TIFF Review: ‘The Monk and the Gun’ is a Brilliant Story from Bhutan
by Alex Billington
September 17, 2023
“Embrace the simplicity of Bhutan and discover the richness within.” Another film about the mystical ways of Bhutan – this is the one of the best hidden gems of the 2023 fall film festival season. The Monk and the Gun is the second feature film written and directed by the extraordinarily talented Bhutanese filmmaker Pawo Choyning Dorji. His first film, called Lunana: A Yak in the Classroom, was nominated for an Oscar in 2022 but it didn’t win. It’s a good film, but not one of my favorites. His new film, however, is an instant favorite. I loved this, really, really loved this film. It’s a fascinating philosophical look at life in Bhutan, told with confidence and filmed absolutely perfectly. And at the same time it’s also brilliant satirical commentary on America’s stubborn ways, as opposed to the more sensible Bhutan society based in Buddhism. Of course there’s something about Himalayan culture that I’m personally quite drawn to already, so I knew this might be my jam, but it’s also a sensational film that will connect with many viewers no matter where they’re from.
Much of the emotionally impactful experience of watching this is not knowing what’s going to happen next or what exactly it’s going to be about. As much as I want to write this review and rave about the film, I’m not sure how to balance my desire to bring attention to it and discuss it, with the notion that everyone needs to watch it without knowing what’s going on. I say this all the time anyway, but it’s so important and makes so much of a real difference with the experience. To prevent over-explaining, I’ll just stick with the basics. The Monk and the Gun is set in 2008 when Bhutan’s Royalty decided to introduce democracy to the country in an effort to “modernize.” The story follows an ensemble of people in and around Bhutan – with two main characters. The first is a woman who is the head of the election council, traveling to remote regions to teach people how to vote and get them registered for their very first elections. The second is a young monk whose lama instructs him to go find a gun – apparently the only gun in the entire country – and bring it to him to “make things right.” The tension in this story (especially as an American) is based around – what does this lama want with this gun and what he is going to do with it? Hopefully nothing bad… you’ll have to find out.
As a one-of-a-kind film made by a Bhutanese filmmaker, Pawo Choyning Dorji, it’s providing a profoundly distinct perspective on Buddhist philosophy and Himalayan culture that most of us are entirely unfamiliar with and can’t quite make sense of. There’s a number of amusing scenes in the film where the American man who comes to collect the gun encounters “culture shock” and is unable to even understand why anything is happening. The moments that made me laugh the most are scenes where they mock American sensibilities by showing how this guy thinks he can just pay money to make things happen, except the Bhutanese are not swayed by money, and don’t care. There is more to life to them than money. Bhutan is famous as being the only country in the world that doesn’t prioritize GDP (gross domestic product) because instead they focus on “Gross National Happiness” (GNH). This is also a theme of the film, with plenty of commentary pointing out how money-obsessed America is which gets in the way of their happiness. Most of the Bhutanese people seem quite content even if they’re not living the most modern, carefree, perfect lives. This is something the film examines brilliantly with nuanced aspects of the script and the unique interactions between characters.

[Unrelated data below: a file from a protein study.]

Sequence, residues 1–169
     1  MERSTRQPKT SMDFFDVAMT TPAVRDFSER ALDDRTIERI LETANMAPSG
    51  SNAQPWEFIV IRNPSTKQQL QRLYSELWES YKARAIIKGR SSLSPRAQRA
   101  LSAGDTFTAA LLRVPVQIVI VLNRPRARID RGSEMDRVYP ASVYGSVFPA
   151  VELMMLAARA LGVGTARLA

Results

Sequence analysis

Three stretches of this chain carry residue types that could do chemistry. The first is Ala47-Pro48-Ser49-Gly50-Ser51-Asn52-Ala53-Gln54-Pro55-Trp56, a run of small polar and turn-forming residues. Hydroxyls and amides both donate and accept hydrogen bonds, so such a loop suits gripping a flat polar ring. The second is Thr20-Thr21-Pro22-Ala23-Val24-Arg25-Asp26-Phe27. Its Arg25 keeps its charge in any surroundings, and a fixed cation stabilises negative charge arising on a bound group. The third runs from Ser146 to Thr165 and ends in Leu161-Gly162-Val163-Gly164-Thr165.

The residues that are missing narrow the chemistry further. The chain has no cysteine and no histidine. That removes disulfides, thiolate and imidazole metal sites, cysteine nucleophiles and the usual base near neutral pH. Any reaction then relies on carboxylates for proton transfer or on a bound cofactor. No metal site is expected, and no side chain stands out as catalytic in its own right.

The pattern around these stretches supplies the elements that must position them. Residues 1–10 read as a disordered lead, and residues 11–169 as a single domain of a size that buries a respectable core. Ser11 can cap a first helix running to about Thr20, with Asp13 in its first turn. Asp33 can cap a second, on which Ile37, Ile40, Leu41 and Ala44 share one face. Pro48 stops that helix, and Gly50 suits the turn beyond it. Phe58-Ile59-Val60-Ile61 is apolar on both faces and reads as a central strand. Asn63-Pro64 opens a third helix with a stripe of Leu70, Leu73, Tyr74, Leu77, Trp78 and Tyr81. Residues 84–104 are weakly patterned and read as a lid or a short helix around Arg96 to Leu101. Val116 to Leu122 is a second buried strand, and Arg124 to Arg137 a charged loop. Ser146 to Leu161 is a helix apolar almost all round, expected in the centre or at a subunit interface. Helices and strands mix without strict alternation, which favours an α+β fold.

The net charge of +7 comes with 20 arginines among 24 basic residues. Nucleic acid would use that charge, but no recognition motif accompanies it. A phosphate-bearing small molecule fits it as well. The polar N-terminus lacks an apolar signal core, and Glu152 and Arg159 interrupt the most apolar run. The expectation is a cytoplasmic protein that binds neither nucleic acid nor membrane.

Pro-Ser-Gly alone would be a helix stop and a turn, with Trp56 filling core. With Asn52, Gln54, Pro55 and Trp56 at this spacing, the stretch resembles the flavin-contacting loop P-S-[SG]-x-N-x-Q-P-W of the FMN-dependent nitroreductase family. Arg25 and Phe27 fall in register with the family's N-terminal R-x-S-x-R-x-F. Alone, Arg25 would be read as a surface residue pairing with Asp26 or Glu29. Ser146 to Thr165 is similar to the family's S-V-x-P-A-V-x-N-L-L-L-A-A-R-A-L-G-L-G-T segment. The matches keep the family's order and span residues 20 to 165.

Not only is watching The Monk and the Gun such a pleasant and uplifting experience, it’s the kind of film that will leave you profoundly affected by the story. At least that’s what I hope, and I think the filmmakers hope, too. I believe many people will watch this and think oh that was nice, and try to move on, but the story and these particular scenes with the American man will stick in their mind and stay with them for a long time. Which is the point. The film is a philosophical examination of the meaning of life through the lens of the Bhutanese people. It’s one of the best films criticizing the American way I’ve ever seen (all handled in a humble, honest, and caring way). Tandin Wangchuk plays the monk Tashi, and he’s the most memorable character. His journey is important; so are the journeys of everyone in this film – they all learn something from their experiences. I also must praise the cinematography by DP Jigme Tenzing, who portrays the stunning beauty of Bhutan while composing every shot a bit off-center, to give it a more unique and dynamic look. The Monk and the Gun is magnificent film made by a exceptional filmmaker, and I’m curious to see how everyone reacts to it. There’s so much to discuss, and to learn from The Monk and his desire for a gun.